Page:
Two TV ads for flora pro-activ:
(a) One ad showed a woman swimming whilst on-screen text stated, "Real People. Real Results ... Isabelle, 46 years old ... Likes swimming and chatting". The ad then showed the woman walking alongside the pool and being given a series of cards to hold: the first card read "6.8", the second "6.2". A voice-over during this scene stated, "When my doctor told me that my cholesterol was high I started using clinically proven Flora pro-activ, now it's considerably lower." Smaller on-screen text also stated, "Flora pro-activ contains plant sterols. A daily consumption of 1.5 - 2.4g of plant sterols can lower cholesterol by 7-10% in 2-3 weeks as part of a healthy diet and lifestyle. Individual results may vary".
The ad then cut to a graphic representing Flora helping to reduce cholesterol. The voice-over continued, "The plant sterols in Flora pro-activ are clinically proven to significantly lower cholesterol." The final scene showed a tub of Flora pro-activ on a kitchen worktop. The voice-over and on-screen text stated, "No other food lowers cholesterol more". The final scene also featured the URL "floraproactiv.co.uk".
(b) The second ad was in the same format as ad (a) and contained the same claims. It differed only in the character used, a woman cycling, whose cholesterol was said to have reduced from 5.3 to 4.9.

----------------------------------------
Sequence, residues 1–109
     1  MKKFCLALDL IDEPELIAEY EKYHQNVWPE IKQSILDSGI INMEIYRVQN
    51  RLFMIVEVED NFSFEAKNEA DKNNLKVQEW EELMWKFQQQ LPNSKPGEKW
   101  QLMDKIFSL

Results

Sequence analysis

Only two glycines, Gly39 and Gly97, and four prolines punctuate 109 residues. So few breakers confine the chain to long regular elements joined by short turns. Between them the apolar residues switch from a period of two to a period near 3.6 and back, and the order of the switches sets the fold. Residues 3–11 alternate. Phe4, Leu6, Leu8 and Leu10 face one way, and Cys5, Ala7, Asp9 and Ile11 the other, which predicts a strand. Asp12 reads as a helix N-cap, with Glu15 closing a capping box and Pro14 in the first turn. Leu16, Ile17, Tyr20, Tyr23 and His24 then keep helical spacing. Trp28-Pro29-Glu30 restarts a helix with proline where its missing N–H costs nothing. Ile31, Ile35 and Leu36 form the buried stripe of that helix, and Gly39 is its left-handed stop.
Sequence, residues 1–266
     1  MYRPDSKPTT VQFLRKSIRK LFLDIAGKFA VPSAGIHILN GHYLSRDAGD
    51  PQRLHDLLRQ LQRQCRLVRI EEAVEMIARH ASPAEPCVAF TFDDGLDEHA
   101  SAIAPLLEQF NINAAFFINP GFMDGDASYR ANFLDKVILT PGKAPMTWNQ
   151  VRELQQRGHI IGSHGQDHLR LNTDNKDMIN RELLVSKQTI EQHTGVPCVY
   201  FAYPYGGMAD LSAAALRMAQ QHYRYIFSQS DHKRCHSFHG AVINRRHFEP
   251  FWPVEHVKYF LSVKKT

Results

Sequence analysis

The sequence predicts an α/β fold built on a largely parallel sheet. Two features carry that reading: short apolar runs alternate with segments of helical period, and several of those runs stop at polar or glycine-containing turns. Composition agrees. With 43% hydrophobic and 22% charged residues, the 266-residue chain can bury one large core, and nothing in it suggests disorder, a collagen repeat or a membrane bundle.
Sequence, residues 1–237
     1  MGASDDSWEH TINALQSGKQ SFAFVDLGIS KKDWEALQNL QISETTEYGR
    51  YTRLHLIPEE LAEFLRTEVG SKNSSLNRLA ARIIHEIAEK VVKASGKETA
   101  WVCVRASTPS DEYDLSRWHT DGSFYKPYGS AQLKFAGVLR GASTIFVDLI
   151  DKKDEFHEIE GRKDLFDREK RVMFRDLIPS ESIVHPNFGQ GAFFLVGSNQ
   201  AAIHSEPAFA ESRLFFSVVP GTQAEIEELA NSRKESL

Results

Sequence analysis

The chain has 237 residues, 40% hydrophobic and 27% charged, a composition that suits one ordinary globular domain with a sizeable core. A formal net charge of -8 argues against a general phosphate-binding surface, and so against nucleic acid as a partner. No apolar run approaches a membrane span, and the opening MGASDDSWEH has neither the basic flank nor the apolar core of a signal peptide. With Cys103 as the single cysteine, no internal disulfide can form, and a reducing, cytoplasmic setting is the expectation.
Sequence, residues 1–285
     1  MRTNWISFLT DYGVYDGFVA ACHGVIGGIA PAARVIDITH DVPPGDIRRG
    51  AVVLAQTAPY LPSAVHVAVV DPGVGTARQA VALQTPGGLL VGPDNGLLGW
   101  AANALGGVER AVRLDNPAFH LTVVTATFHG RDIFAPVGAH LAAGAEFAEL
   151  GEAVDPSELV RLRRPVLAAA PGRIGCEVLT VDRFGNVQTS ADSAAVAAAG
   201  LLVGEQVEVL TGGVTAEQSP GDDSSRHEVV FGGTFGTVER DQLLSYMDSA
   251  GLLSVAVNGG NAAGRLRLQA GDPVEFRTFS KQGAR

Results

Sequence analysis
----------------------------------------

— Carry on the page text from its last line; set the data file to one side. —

Two complainants challenged whether the claim "no other food lowers cholesterol more" could be substantiated.
Unilever UK Ltd (Unilever) said the following foods were known to lower cholesterol: plant sterols; plant stanols; beta-glucan; and soy protein. They said that of all these foods plant sterols and stanols were the most efficacious in lowering cholesterol and that, on average, consuming 2 g of plant sterols or stanols daily could lower LDL-cholesterol levels by 10%.
They said plant stanols and sterols had comparable cholesterol lowering capability, therefore the ad had made a 'top parity' claim rather than an outright superiority claim. It had not implied that the product was better at lowering cholesterol than any other food, only that no other food could lower cholesterol more.
They submitted scientific studies which looked at the cholesterol-lowering properties of plant sterols, plant stanols, beta-glucan, soy protein, almonds, sunflower oil and olive oil. They said this data showed that plant sterols and stanols were more effective than the other foods in lowering cholesterol.